Britain’s employees are feeling more insecure and pressured at work than at any time in the past 20 years, national survey results published today show.
The findings of the Skills and Employment survey are based on face-to-face interviews with 3,000 workers aged 20 to 60. They show public sector workers no longer feel more secure than those in the private sector. In addition to fear of job loss they are increasingly worried about loss of status and unfair treatment at work.
The survey, conducted every six years, is funded by the Economic and Social Research Council (ESRC) and the UK Commission for Employment and Skills (UKCES) and includes three reports published today.
One, “Fear at Work”, says: “The major change that occurred between 2006 and 2012 was that for the first time public sector employees were quite clearly more concerned about losing their employment than those in the private sector.” People in workplaces that had downsized or reorganised are the most likely to feel these concerns, says the report.
The three reports show that:
– In 2012 more than half of employees (51%) were concerned about job status loss. The biggest concern was about pay reductions, followed by loss of say over their job.
– People are working harder. “Work intensification”, which was previously rife in the early 1990s, has resumed since 2006. Both the speed of work and pressures of working to tight deadlines have risen to record highs. Technological change is a key factor, but contrary to common belief, work intensification is not associated with downsizing.
– Job stress has gone up and job-related well-being has gone down since 2006.
Francis Green, Professor of Work and Education Economics at the IOE, says: “Since the start of the recession, the growth of fear not only of employment loss but of unfair treatment and loss of status was particularly strong in the public sector. Attention should be paid to the deteriorating climate of employee relations in this area.”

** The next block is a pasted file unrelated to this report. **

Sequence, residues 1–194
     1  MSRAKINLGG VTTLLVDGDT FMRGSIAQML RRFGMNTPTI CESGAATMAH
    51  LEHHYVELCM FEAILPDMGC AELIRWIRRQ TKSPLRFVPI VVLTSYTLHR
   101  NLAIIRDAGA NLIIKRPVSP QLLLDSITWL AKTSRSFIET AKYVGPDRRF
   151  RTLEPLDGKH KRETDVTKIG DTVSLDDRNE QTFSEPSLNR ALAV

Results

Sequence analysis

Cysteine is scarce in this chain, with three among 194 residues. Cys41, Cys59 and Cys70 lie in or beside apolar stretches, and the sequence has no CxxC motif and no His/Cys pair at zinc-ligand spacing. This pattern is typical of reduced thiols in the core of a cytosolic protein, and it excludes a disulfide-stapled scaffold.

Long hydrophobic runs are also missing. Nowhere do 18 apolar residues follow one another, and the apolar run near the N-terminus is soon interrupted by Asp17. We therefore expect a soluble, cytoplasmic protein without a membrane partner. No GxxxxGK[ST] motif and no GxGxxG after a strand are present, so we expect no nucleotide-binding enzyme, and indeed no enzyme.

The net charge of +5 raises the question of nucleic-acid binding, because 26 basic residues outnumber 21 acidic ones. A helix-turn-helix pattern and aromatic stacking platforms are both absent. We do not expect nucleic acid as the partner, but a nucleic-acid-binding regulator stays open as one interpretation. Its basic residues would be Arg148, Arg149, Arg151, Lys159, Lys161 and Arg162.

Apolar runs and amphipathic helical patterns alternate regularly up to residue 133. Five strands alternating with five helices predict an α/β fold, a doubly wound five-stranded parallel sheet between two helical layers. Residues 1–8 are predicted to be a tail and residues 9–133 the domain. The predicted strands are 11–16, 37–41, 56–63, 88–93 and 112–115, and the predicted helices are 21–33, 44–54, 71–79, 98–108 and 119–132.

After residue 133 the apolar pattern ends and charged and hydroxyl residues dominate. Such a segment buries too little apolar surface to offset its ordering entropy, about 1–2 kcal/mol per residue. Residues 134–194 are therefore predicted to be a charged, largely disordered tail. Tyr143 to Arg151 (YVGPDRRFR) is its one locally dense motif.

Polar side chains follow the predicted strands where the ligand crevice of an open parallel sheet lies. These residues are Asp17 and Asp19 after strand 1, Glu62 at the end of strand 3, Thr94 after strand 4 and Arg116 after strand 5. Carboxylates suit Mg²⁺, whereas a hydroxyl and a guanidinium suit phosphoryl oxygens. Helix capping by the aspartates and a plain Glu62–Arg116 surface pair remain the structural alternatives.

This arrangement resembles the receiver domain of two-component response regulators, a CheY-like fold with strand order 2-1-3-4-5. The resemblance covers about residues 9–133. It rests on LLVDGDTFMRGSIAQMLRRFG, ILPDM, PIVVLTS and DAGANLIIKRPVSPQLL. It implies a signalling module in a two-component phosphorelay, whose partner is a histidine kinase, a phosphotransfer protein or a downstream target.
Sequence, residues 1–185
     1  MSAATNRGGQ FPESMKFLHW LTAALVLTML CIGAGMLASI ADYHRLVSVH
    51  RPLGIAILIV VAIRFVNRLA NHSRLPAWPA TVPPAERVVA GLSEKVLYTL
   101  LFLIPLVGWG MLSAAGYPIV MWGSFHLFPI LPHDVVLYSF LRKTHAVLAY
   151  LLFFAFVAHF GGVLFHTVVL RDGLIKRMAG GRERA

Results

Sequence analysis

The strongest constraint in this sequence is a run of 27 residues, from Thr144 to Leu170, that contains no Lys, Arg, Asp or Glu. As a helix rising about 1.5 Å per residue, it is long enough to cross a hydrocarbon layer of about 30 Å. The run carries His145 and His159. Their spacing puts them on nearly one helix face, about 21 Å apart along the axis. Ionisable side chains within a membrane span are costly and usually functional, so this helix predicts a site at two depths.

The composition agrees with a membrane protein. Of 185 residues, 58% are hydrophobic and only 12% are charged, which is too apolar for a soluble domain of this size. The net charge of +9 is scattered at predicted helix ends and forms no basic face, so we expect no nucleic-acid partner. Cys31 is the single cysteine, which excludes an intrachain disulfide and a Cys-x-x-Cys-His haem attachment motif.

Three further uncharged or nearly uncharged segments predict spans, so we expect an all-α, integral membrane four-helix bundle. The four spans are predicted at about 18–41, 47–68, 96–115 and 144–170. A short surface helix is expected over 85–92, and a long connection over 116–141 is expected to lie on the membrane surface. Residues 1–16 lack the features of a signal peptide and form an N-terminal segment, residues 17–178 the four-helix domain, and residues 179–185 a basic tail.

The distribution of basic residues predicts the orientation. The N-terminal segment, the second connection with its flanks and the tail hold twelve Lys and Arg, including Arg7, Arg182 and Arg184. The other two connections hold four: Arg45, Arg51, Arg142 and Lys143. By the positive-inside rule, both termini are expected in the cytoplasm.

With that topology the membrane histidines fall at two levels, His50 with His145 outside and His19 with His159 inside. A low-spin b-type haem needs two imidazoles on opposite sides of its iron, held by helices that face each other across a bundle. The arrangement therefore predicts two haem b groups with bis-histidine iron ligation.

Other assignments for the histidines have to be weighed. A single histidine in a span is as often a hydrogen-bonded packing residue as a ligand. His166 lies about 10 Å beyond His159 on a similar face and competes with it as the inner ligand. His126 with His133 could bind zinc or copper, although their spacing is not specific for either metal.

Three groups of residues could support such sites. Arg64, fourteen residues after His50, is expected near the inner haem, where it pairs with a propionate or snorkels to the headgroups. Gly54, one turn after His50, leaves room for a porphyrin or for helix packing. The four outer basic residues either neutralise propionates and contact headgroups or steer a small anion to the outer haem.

The researchers also note that employees were more content and less anxious about job or status loss “where employers adopted policies that gave employees a degree of involvement in decision-making at work”.
“The slowness with which employers in Britain are enhancing employee participation is becoming an issue of considerable concern,” says Professor Alan Felstead of the Cardiff School of Social Sciences. “In general, better job control entails increased employee involvement and participation. The intention should be to improve the balance between the benefits of hard work and the costs.”
Peter Cheese, chief executive at the Chartered Institute of Professional Development, said: “The decline in job satisfaction and employee engagement revealed by the Government’s Skills and Employment Survey makes for worrying reading for businesses, the economy and wider society. But CIPD research shows that the voluntary sector appears to be bucking this trend, with valuable lessons to be learned for the private and public sectors. Nevertheless, we need to take the findings of the Government’s latest survey very seriously indeed. Too many recent and spectacular failures – from the banking crisis to public sector scandals like that affecting the Mid Staffordshire NHS Trust – are almost entirely born of problems of culture. Although profoundly different in many ways, they have common roots in issues of trust, empowerment and engagement. What’s good for people is good for business – and if we can embrace that truth to build cultures in which people want to work and are unified by a common purpose, we can not only prevent catastrophes, we can truly build more sustainable economic growth.”